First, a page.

Our newest e-scooters, currently rolling out across the region, also boast industry-leading GPS trackers delivering improved, centimetre-specific accuracy when setting boundaries for our operations, and ensuring a higher level of rider compliance and enforcement. 

We are also trialling an AI-powered on-board camera in Australia that can accurately detect pedestrians, and slow a scooter down to prevent a collision, and also reduce the speed of an e-scooter if it’s riding on a shared path or footpath. This is particularly important with legislation governing e-scooters different in every state. This will enable councils to set the riding rules specific to their area. This technology will soon be available in all our cities across Australia and New Zealand.

Also coming soon are AI-powered sensors that can detect specific rider behaviour, and prevent it in real time. Think tandem riding, and aggressive swerving and braking, often a sign of an unruly rider. We will be able to deliver an immediate warning to the rider, or shut down their access to the vehicle in real time.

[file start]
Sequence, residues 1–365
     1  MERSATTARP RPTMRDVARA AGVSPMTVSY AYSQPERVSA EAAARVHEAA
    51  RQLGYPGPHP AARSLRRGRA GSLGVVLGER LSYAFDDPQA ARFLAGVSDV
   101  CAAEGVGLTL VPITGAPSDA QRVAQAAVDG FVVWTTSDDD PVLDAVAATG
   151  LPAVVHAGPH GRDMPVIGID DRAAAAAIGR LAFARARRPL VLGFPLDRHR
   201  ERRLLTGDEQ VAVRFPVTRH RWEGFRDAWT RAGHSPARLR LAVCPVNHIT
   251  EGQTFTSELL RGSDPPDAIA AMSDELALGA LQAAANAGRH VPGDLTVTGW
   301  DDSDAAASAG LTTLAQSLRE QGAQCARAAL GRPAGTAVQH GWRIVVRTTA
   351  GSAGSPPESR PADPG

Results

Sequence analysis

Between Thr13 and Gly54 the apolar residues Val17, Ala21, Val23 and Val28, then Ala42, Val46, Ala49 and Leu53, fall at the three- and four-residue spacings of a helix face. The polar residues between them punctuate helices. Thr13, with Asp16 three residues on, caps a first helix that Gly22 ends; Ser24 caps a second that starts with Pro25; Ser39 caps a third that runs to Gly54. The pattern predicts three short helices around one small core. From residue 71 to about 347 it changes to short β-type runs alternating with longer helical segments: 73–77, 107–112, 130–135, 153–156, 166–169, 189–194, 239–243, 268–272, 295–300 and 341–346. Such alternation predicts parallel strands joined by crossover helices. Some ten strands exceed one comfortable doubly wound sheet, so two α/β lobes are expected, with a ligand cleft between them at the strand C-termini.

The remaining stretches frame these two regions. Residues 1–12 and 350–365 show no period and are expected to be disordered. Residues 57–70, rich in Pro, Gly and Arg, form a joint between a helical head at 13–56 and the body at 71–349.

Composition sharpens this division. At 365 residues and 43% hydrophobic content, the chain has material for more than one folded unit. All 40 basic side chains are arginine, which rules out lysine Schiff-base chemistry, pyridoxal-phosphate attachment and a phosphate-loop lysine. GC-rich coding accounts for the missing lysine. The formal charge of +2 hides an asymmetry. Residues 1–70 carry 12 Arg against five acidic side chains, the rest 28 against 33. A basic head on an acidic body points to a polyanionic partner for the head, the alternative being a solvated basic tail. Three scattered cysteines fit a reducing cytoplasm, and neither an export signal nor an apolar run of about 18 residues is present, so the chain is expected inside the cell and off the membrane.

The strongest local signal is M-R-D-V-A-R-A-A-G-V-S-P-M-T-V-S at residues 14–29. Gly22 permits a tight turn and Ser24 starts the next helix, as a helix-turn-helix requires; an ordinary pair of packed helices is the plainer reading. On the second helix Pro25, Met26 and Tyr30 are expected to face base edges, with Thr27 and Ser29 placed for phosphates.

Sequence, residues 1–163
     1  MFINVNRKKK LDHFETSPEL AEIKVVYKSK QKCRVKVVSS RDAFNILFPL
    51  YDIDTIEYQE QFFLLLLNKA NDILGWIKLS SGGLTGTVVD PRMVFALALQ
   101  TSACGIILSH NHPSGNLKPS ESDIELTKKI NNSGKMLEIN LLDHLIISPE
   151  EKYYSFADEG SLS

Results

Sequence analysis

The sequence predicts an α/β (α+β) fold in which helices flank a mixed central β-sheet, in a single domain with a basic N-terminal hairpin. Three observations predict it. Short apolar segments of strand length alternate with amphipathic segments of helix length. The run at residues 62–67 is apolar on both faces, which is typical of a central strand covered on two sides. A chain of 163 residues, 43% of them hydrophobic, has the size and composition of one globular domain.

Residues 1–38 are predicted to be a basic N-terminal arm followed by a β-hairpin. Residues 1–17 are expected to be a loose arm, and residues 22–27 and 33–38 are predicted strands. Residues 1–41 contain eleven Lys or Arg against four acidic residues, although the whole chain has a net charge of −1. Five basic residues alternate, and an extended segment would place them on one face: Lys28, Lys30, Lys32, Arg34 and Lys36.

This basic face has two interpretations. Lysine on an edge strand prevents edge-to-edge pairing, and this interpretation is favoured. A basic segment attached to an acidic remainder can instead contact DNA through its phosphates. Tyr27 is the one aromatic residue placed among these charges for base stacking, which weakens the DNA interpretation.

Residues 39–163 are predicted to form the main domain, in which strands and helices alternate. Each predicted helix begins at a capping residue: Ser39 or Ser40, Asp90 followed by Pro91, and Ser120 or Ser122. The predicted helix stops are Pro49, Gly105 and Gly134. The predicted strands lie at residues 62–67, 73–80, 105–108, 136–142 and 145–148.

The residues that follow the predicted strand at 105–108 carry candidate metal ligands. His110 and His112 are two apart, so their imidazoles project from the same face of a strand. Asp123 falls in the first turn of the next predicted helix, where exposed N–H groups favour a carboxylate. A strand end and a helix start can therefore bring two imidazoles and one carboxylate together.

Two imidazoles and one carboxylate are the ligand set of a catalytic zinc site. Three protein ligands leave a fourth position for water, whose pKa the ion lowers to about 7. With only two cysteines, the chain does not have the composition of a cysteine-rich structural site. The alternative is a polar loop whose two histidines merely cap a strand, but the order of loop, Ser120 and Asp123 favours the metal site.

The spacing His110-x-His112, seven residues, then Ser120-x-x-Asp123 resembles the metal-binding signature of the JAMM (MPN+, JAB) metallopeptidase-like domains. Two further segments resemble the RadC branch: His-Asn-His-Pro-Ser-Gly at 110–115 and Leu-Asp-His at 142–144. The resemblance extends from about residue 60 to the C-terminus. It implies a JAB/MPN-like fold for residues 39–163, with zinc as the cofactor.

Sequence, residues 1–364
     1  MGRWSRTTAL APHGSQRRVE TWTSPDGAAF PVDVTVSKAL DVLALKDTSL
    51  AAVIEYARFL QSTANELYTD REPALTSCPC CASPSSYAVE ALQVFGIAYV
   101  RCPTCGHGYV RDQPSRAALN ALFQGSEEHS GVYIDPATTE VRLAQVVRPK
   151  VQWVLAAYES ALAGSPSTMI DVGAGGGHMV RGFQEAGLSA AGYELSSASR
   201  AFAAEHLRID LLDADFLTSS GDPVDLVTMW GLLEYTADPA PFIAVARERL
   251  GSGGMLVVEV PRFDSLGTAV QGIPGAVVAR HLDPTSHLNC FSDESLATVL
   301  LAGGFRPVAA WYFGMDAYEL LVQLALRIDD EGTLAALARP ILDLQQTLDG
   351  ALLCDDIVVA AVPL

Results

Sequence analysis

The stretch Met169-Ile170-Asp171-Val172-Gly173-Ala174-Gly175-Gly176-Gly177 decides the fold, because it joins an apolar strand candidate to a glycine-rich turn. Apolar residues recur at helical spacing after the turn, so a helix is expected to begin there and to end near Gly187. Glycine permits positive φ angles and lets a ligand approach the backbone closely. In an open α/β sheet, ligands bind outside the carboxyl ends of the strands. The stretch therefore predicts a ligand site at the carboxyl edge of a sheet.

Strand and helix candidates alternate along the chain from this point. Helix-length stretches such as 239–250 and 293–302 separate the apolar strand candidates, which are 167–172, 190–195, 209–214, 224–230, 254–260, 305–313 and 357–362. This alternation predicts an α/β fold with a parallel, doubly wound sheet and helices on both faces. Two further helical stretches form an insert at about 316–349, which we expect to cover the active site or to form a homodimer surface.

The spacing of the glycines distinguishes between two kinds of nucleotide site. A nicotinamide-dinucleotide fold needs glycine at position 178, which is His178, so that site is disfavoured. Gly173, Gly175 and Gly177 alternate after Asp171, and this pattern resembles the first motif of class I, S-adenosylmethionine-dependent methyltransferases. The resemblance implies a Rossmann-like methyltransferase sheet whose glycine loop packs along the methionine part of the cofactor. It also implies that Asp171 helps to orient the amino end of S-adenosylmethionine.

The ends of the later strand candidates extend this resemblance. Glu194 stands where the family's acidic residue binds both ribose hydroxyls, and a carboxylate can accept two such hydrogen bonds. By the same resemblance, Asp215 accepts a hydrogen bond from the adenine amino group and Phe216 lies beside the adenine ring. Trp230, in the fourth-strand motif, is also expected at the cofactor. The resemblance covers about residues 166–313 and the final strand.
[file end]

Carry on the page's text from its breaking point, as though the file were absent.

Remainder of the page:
Our e-scooters will soon have the capability to detect and prevent unsafe riding to a level never seen before - not just in e-scooters, but on any other mode of transport. When we say we don’t want the actions of a few to ruin the experience for others, we mean it - and are working on developing further technology to ensure it. 

We owe it to the workers of the night-time economy that transport is just as available and safe as it is for the rest of us who live life in the daylight.

Cities

How micromobility is helping to drive the night-time economy

How micromobility is helping to drive the night-time economy
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While many of us are cozied up in bed there are hundreds of thousands of Australians and New Zealanders doing graveyard or evening shifts.